- A minority of 28% believes that the Palestinian political system is moving in the direction of democracy and protection of human rights, while a large percentage of 47% believes that it is moving in a middle direction between democracy and dictatorship. The poll found that 46% believe that the status of democracy and human rights is good or very good. This percentage reached 50% in April 1997 and 34% in September 1997. Moreover, a majority of 56% believes that people in the West Bank and Gaza Strip can not criticize the PA without fear. This percentage stood at 58% in September 1997. Only 25% believe that there is free press in the Palestinian areas (compared to 21% in September 1997), while 35% believe that there is a free press to some extent only.
- The belief that people can not criticize the PA without fear increases in the Gaza Strip (63%) compared to the West Bank (52%), among refugee camp residents (67%) compared to residents of towns and villages (50%), BA degree holders (65%) compared to illiterates (47%), students (65%) compared to retired persons (33%), those with the highest income (65%) compared to those with the lowest income (55%), and supporters of the PFLP (75%) and Hamas (65%) compared to supporters of Fateh (52%).
- The poll shows that 22% feel great comfort when dealing with official Palestinian offices, while 32% feel some comfort. Only 16% feel uncomfortable while dealing with official offices and departments.
- Only 35% of respondents have confidence in the ability of the Palestinian judicial authority to undo injustice inflicted upon them by a Palestinian side or by an official from a ministry or the security services. But 38% believe that it might be able to do so. Only a minority of 21% expressed confidence that it will not be able to do so.
- A majority of 61% expressed the belief that corruption exists in the PA institutions, while only 26% believe that it does not. The percentages of those who believe in the existence of corruption in PA institutions stood at 63% in November, 65% in September, 63% in June, and 57% in April 1997. About 50% of the respondents believe that corruption in PA institutions will increase or remain the same in the future, while 42% believe that it will decrease.
- The belief in the spread of corruption increases in the Gaza Strip (65%) compared to the West Bank (58%), among residents of refugee camps (70%) compared to city residents (61%), men (70%) compared to women (53%), young respondents (67% for those between 18-22 years old) compared to older ones (48% for those over 52 years old), refugees (68%) compared to non-refugees (57%), BA degree holders (84%) compared to illiterates (36%), students (80%) compared to housewives (49%), those employed in the public sector (83%) compared to the those in the private sector (70%), the highest income respondents (80%) compared to the lowest income ones (57%), and supporters of Hamas (76%) compared to supporters of Fateh (58%).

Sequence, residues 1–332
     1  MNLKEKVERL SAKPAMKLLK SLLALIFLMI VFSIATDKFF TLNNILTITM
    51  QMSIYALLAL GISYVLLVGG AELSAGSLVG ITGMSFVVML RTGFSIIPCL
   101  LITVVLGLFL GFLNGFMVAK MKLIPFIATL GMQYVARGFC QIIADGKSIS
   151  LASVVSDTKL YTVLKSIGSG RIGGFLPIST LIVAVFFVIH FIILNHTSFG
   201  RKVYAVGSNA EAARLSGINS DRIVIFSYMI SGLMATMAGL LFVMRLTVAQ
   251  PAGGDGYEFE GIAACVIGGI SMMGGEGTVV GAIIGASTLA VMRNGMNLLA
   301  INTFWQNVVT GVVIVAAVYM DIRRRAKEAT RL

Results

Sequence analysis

5. The Peace Process:
- Despite the current deadlock in the Palestinian-Israeli peace process, 67% of the respondents continue to support the Oslo Agreement while 29% oppose it. A CPRS November 1997 poll found 68% supporting the "peace process" while a September 1997 poll found 59% supporting the Oslo Agreement and 34% opposing it. Support for the Oslo Agreement increases in the Gaza Strip (70%) compared to the West Bank (65%), in towns and villages (70%) compared to refugee camps (62%), and among women (74%) compared to men (58%), the oldest respondents (76%) compared to the youngest ones (58%), the illiterates (85%) compared to those with BA degrees (44%), housewives (75%) compared to students (49%), those with the lowest income (71%) compared to those with the highest income (%), and supporters of Fateh (81%) compared to supporters of Hamas (37%).
6. PA Performance During the Iraqi Crises:
- A majority of 65% found the performance of the PLC during the Iraqi crisis to be good or very good, while 62% thought the same of the Cabinet performance, and 57% of the performance of the security forces.
7. Political Affiliation:
- Fateh received the largest level of support (46%) while Hamas came second with only 9%. The findings show a rise in support for Fateh from the 39% level it had in December 1997, while the level of support for Hamas decreased by three percentage points from the 12% it had three months ago. The total support for the Islamists stood at 14% compared to 18% last December. During the same period, the percentage of the independents and nonaffiliated decreased by three percentage points to the current level of 35%..... More